Appointments relating to Part 1

Part of Bank of England and Financial Services Bill [Lords] – in the House of Commons at 6:08 pm on 19th April 2016.

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Photo of Richard Burgon Richard Burgon Shadow Minister (Treasury) 6:08 pm, 19th April 2016

It is my pleasure to speak for the Opposition on Third Reading of the Bank of England and Financial Services Bill. The Chair of the Treasury Committee very kindly referred to the good humour and good nature I showed in one of my speeches. I am afraid that, if he were here now, he would be disappointed with the speech that I am about to make. People could be forgiven for thinking that I am returning to what some call my po-faced modus operandi.

The role of Government in legislating for financial stability and in ensuring that the Bank of England acts in the interests of the wider economy is to get the balance of regulation right. Righting the wrongs of the 2008 bankers’ crisis is an important task for any responsible Government—a task that Governments around the world have focused on fulfilling in the past decade. The task has been being attempted since the bankers’ crisis of 2008, and today the bankers’ Chancellor is threatening to set it back.

The Bill has seen a number of changes since it first appeared in the other place, some of them for the better, but the precipitate changes that the Government are making to financial services regulation through their new settlement with the financial sector, including through measures in this Bill, suggest that they have failed to learn the lessons of the 2008 bankers’ crisis.

The Bill is a missed opportunity. The measures we have challenged on Second Reading, in Committee and on Report include the proposed abolition of the Bank’s oversight committee, the proposed veto on the National Audit Office’s powers of investigation, the proposed downgrading of the power of the Prudential Regulation Authority to that of a committee of the Bank, and the proposed reversal of the presumption of senior managers’ responsibility for misconduct cases. However, we also welcome a number of measures, including the Lords-stage concessions on the powers of oversight for the Bank’s non-executive directors, the reversal of the veto on the NAO’s powers of investigation, and the measures announced on funding for illegal money-lending teams in Her Majesty’s Revenue and Customs.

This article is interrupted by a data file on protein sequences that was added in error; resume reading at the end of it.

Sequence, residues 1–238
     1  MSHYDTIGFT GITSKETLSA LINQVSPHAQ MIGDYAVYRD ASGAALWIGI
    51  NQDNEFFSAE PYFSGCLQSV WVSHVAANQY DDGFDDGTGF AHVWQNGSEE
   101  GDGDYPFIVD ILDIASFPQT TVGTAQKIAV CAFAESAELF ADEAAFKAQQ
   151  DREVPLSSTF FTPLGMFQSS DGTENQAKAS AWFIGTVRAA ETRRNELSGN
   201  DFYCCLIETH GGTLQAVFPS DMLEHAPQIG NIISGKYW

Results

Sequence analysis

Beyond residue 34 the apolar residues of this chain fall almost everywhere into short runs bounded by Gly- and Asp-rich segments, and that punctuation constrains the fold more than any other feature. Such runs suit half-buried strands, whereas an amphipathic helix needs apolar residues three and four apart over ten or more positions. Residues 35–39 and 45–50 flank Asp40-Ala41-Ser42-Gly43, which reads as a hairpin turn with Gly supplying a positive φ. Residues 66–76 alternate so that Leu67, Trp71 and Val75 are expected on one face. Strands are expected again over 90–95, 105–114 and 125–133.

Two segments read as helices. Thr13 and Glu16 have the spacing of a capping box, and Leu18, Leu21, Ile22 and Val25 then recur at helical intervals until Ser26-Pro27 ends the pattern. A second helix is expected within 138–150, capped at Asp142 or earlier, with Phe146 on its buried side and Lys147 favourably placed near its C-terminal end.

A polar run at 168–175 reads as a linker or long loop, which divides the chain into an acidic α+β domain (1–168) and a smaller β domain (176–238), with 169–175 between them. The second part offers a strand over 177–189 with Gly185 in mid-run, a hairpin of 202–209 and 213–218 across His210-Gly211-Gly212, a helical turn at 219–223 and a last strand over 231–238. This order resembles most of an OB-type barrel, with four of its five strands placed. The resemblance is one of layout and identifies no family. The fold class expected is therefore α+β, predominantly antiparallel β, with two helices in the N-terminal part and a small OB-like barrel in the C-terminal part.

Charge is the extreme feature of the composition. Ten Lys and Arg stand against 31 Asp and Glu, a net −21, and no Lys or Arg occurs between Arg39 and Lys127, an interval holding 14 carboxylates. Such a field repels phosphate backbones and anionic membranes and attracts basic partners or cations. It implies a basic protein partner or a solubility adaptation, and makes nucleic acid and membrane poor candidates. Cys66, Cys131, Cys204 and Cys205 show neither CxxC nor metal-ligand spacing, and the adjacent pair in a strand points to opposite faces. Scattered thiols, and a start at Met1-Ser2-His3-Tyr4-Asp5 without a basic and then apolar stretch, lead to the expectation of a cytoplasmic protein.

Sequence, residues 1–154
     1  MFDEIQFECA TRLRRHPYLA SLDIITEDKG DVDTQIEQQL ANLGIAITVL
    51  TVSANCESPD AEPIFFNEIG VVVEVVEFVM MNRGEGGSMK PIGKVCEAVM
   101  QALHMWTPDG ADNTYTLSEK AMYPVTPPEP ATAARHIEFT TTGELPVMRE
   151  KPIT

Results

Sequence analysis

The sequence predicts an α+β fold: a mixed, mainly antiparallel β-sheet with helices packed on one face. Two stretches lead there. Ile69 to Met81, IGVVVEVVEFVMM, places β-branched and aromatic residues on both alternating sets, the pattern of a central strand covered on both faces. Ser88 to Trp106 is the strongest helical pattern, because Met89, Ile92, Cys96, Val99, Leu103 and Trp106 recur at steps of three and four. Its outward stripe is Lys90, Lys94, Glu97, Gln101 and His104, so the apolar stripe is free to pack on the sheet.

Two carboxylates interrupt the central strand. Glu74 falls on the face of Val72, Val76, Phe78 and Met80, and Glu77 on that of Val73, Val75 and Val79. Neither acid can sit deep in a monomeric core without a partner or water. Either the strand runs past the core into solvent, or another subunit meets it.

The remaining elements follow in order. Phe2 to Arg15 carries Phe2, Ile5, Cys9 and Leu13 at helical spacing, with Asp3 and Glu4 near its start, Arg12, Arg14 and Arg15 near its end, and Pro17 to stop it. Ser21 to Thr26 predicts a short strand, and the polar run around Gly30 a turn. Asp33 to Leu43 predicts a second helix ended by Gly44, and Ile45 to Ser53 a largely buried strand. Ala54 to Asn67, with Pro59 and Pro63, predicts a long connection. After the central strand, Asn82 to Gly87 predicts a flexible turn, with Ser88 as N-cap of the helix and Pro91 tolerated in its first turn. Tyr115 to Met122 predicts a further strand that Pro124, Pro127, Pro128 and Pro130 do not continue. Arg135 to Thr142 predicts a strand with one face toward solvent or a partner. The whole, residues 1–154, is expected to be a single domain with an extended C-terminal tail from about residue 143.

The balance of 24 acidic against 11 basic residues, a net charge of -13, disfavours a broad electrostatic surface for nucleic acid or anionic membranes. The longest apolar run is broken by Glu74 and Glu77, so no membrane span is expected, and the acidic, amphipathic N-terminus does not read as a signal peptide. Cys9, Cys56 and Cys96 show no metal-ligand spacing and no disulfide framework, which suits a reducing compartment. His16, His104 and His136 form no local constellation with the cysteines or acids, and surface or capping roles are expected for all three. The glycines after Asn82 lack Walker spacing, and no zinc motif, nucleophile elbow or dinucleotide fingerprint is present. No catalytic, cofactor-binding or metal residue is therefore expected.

We are disappointed that other proposals have not been accepted by the Government. The leak of the Panama papers in the past fortnight has reawakened public concern about our financial system. There has been publication of thousands of documents detailing the systematic use of tax havens for the registration of secretive trusts and shell companies that are serviced by UK banks and that hold trillions of pounds out of reach of HMRC—a state of affairs that rightly outrages people across the UK and the globe. That is why earlier today we offered the Government an opportunity to demonstrate their commitment to delivering the necessary tax transparency measures through our new clause 14.

That new clause, if the Government had supported it, would have instituted a new principle for the FCA: that of combating abusive tax avoidance arrangements, including by establishing a register of beneficial owners of trusts serviced by UK banks. Of course, that in itself is not sufficient, and Labour has set out its tax transparency enforcement plan. Earlier today, our new clause raised the vital issue of the UK banks’ involvement in the Panama papers, which the FCA has now asked them to report on.

The Government have set out initial plans but, with respect, they have not in our view grasped the bull by the horns. They have been dragged there by campaigners, charities and commentators who have rightly urged action on anti-abuse rules and country-by-country reporting. However, it is on the regulation of banks’ activity here in the UK, which has been such a dominant issue in recent years, that the Government have rolled back, watering down their proposals—or, should I say, U-turning on them.